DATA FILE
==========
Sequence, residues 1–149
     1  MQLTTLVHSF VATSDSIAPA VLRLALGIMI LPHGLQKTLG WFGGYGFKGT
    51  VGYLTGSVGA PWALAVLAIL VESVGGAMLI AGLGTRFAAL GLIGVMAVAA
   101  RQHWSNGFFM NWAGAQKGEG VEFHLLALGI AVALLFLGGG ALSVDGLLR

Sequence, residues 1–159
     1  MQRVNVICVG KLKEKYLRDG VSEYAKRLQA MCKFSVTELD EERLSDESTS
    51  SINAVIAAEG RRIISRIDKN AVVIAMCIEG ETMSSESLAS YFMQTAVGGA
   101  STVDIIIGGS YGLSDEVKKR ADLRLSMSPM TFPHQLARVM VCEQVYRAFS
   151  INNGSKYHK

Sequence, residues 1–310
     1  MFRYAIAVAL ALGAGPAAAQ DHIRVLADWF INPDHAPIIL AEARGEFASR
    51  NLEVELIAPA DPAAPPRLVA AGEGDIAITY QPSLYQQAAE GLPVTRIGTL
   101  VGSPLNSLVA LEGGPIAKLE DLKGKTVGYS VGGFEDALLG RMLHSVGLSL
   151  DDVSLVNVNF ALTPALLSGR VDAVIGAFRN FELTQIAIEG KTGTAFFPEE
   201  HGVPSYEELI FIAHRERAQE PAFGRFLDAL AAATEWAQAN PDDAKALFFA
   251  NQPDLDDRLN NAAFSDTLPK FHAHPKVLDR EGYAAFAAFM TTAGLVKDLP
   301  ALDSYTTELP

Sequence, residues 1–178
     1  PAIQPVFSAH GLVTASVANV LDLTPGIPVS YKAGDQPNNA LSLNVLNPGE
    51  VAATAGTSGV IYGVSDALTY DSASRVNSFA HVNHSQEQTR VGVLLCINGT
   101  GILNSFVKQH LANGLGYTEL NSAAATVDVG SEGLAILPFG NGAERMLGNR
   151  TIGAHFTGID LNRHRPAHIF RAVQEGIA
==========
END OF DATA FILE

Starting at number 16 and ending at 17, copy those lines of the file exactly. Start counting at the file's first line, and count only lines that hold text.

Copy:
   251  NQPDLDDRLN NAAFSDTLPK FHAHPKVLDR EGYAAFAAFM TTAGLVKDLP
   301  ALDSYTTELP